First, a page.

All spit contempt when they talk about their bullying management and its petty rules. The hospital has up to 180 patients, mainly from the poorest areas in the borough.

One of the catering workers tells me, 'I've worked here 13 years and some of the patients I've known since I started. The only reason I work so hard and do extra hours is because I care about the patients.'

The catering worker tells me that workers have been battling for over five years, ever since the ancillary services were contracted out to private companies.

'We've had to fight for everything. They came in, but they didn't have a clue how a hospital was run. They are only interested in cutting corners and making money.'

'Every day is a battle with the bosses,' comments one of the domestic workers. 'We all get different pay rates. I get £5 an hour. Other people doing exactly the same job get more and some people get much less. Worst of all is the way they treat us. It is like we are not human. I've just about had it with them. 'I don't want much, I just want the average. We try our best to offer patients decent care. But every day we have to argue with the management just to get our pay. There is no sick pay. I know one worker who had an eye operation and took time off. She got nothing. People are forced to come to work when they are ill because they can't afford not to. That is dangerous for them and the patients. You feel you're being used. We deserve respect, but we get blamed if the wards are dirty. It is the private firm's fault.'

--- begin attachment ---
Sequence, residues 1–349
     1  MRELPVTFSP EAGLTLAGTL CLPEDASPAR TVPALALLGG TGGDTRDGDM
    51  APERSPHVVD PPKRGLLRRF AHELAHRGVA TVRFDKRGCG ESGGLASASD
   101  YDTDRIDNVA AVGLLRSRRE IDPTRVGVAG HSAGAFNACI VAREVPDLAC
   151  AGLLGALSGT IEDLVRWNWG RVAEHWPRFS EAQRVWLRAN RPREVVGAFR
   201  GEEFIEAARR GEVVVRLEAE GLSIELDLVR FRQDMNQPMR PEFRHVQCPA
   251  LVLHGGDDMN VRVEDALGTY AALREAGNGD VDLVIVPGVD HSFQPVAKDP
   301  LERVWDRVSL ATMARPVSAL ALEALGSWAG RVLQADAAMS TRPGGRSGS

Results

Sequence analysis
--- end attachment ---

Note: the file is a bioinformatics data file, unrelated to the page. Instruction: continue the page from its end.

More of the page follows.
Another domestic worker tells me she worked 120 hours overtime in December, but still hasn't received the pay for it. 'It's just not fair,' she says. 'I'm working hard, not seeing much of my children. They have even cut our tea breaks from 15 minutes to ten. We are breaking our backs doing the cleaning, yet don't even get enough time to make a cup of tea and drink it. It is a battle to get what is owed to you by rights.'


Workers left with no choice

ALL OF the workers are worried that Medirest's cutbacks, staff shortages and lack of proper training mean a worse service for patients. One of the catering workers says, 'You should see the state of our kitchen. We've no proper chip fryer. Only the top half of the oven is working as the other cooker is broken. We have to come in early at 6am to light the cooker because it takes 15 minutes. How are we supposed to cook proper meals for the patients?'